Problem with Continuous servo voor chicken coop door.

Electric componements:
DS3231
Arduino Uno
Fitec FS5106R Servo

Hi,

Im making a automatic chicken door with arduino but its acting a bit weird.
The servo im using (Fitec FS5106R Continuous Servo) sometimes just starts to slowly spin for 1 sec and then it stops. Anyone know what to do?

Here’s my code BTW.

#include <DS3231.h>
#include <Servo.h>

DS3231  rtc(SDA, SCL);

Time t;

const int OnHour = 21;
const int OnMin = 45;
const int OnSec = 01;


const int OffHour = 22;
const int OffMin = 13;
const int OffSec = 01;

Servo Tservo;

void setup() {
  Serial.begin(115200);
  rtc.begin();

Tservo.attach(10);


  //rtc.setDOW(FRIDAY);    
  //rtc.setTime(16, 47, 0);     
  //rtc.setDate(1, 5, 2020);   

  
}

void loop() {
  t = rtc.getTime();
  Serial.print(t.hour);
  Serial.print(" hour(s), ");
  Serial.print(t.min);
  Serial.print(" minute(s)");
  Serial.println(" ");
  delay (1000);

    Tservo.attach(10);
  
  if(t.hour == OnHour && t.min == OnMin && t.sec == OnSec){

    Tservo.write(180);
    delay(5000);
    Tservo.detach();
    }

   
   
  if(t.hour == OffHour && t.min == OffMin && t.sec == OffSec){
      
      Tservo.write(0);
      delay(5000);
      Tservo.detach();
     
      
    }

   if(t.hour != OnHour && t.min != OnMin && t.sec != OnSec){
      Tservo.detach();
     
    }
    
}

Kyan.

Anyone know what to do?

Get a real servo perhaps, maybe a sail winch servo. A "continuous servo" is not really a servo at all, rather it is an electronically controlled motor that you cannot position at an exact angle

When you detach() it then it is free to move. From the code I guess that it is driving a pulley that winds up a rope/cable to open/close the door. Is that correct ?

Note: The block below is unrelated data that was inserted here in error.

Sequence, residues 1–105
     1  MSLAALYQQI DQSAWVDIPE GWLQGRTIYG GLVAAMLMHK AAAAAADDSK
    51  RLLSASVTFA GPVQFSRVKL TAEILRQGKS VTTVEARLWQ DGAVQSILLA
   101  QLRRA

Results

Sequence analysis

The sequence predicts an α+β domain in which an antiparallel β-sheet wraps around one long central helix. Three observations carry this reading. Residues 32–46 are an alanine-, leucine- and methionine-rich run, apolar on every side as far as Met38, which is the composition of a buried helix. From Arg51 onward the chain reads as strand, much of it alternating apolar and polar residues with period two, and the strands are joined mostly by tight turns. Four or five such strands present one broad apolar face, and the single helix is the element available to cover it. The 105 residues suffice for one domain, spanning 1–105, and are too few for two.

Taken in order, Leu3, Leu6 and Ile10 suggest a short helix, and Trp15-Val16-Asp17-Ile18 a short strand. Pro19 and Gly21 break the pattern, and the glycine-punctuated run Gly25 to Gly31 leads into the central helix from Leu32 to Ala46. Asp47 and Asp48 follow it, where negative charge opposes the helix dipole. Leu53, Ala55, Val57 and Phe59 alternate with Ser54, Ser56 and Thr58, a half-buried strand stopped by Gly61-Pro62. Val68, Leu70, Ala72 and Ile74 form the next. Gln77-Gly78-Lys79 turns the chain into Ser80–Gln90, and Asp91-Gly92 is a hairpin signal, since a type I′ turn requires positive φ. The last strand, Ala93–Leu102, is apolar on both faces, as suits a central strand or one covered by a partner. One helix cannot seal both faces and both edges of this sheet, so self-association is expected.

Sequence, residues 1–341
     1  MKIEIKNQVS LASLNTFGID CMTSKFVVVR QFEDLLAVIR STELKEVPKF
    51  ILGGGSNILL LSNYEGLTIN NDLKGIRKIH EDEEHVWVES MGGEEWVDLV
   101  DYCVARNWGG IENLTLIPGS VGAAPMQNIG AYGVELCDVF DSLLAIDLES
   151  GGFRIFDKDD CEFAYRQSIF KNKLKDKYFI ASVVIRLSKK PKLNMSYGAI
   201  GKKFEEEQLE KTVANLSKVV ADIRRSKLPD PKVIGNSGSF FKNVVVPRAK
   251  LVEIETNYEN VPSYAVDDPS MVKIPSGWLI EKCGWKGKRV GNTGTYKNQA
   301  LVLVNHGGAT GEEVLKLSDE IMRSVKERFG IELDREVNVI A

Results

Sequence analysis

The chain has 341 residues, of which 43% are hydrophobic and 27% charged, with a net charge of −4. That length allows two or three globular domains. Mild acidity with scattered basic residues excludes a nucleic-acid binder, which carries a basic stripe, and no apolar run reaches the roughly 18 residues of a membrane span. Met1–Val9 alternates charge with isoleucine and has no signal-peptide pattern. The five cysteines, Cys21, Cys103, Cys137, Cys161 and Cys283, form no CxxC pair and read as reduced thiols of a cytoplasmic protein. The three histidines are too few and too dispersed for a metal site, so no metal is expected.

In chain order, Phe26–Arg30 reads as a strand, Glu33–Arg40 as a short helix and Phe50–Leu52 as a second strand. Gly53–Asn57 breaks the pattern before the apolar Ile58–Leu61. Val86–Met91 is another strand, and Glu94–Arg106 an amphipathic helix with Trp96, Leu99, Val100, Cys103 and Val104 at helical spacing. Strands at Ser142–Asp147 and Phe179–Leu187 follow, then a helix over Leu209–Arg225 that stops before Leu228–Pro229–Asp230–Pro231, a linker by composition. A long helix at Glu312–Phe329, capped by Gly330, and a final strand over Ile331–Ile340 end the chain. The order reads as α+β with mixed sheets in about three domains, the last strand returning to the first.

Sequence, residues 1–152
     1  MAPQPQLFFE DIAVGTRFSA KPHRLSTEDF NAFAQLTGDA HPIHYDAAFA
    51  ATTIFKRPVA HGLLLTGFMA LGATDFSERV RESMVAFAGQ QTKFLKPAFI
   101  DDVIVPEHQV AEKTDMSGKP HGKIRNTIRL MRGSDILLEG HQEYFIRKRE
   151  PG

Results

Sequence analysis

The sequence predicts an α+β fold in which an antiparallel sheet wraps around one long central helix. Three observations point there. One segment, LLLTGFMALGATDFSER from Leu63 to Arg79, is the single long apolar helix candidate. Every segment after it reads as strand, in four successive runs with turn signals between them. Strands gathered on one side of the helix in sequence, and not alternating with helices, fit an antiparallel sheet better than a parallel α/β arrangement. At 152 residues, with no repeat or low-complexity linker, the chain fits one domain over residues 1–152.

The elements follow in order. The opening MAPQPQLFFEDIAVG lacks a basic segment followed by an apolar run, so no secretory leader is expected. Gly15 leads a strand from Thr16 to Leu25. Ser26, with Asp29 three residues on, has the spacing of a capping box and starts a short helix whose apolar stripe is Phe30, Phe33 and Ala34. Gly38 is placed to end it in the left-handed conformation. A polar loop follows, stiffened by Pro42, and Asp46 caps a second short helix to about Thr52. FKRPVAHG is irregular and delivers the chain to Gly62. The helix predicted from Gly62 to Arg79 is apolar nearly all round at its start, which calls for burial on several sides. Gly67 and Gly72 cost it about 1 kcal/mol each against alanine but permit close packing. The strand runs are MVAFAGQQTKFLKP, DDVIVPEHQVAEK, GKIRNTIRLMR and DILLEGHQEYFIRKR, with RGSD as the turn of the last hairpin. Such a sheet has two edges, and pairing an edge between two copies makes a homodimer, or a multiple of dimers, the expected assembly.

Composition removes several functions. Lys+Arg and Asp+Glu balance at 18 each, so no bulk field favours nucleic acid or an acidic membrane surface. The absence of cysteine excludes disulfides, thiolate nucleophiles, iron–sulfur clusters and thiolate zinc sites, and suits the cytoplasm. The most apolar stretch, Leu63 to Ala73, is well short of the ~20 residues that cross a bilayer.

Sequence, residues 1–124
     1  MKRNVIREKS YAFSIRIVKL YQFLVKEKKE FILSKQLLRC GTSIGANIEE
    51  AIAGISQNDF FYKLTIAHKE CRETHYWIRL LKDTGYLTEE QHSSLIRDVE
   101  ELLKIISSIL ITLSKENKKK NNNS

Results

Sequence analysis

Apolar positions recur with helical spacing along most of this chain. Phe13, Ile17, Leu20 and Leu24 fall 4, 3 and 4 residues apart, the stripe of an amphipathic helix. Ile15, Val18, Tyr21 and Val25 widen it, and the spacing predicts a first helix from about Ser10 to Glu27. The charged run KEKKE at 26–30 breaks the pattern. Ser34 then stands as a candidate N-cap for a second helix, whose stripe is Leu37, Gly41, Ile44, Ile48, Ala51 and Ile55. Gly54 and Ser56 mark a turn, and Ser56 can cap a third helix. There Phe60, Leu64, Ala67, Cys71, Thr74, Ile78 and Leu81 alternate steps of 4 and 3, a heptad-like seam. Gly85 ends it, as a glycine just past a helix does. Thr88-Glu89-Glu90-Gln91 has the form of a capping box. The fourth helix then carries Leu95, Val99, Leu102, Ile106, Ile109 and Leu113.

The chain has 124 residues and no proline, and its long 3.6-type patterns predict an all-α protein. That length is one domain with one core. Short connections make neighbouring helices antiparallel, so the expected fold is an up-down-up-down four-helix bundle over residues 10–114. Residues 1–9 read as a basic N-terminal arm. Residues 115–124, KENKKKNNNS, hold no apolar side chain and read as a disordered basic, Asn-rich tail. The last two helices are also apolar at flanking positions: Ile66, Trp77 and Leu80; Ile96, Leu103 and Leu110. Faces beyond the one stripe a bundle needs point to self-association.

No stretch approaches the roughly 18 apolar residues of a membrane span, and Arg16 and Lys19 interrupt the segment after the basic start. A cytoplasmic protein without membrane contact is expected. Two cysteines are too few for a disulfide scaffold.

UKHeliBob:
From the code I guess that it is driving a pulley that winds up a rope/cable to open/close the door. Is that correct ?

Yes thats correct but the problem is thats the only way I can get it to stop becuz when i do Tservo.write(90) for example it keeps rotating very slowly. You think there is another way I can make this work.

Try a few values round 90. There's usually one between about 87 and 93 that will stop the motor.

Steve

Thanks gonna try it now

The only continuous servo I've ever used has an adjusting screw: do a write(90) then adjust the screw until it stops. Does that one not have such a screw tucked away somewhere?

Im not sure maby inside?

Ill check it out right away

thatkyan-:
Im not sure maby inside?

Ill check it out right away

I’d be surprised if it was inside, but it’s worth a look. Mine’s on the outside…

You think there is another way I can make this work.

Using a sail winch servo or a stepper motor would allow you to control the actual position of the servo/motor output

“Yes thats correct but the problem is thats the only way I can get it to stop becuz when i do Tservo.write(90) for example it keeps rotating very slowly. You think there is another way I can make this work.”

A simple way to keep a continuous servo from “creeping” is to code detach the servo when it has reached its desired position, and attach it when it is to move to another position. Also, using myservo.writeMicroseconds gives much better control of a servo than writing a degree position. Below is some old servo test code that should help you find the no movement “sweet spot” value for your continuous rotation servo.

// zoomkat 3-28-14 serial servo incremental test code
// using serial monitor type a character (s to increase or a 
// to decrease) and enter to change servo position 
// (two hands required, one for letter entry and one for enter key)
// use strings like 90x or 1500x for new servo position 
// for IDE 1.0.5 and later
// Powering a servo from the arduino usually *DOES NOT WORK*.

#include<Servo.h>
String readString;
Servo myservo;
int pos=1500; //~neutral value for continuous rotation servo
//int pos=90;

void setup()
{
  myservo.attach(7, 400, 2600); //servo control pin, and range if desired
  Serial.begin(9600);
  Serial.println("serial servo incremental test code");
  Serial.println("type a character (s to increase or a to decrease)");
  Serial.println("and enter to change servo position");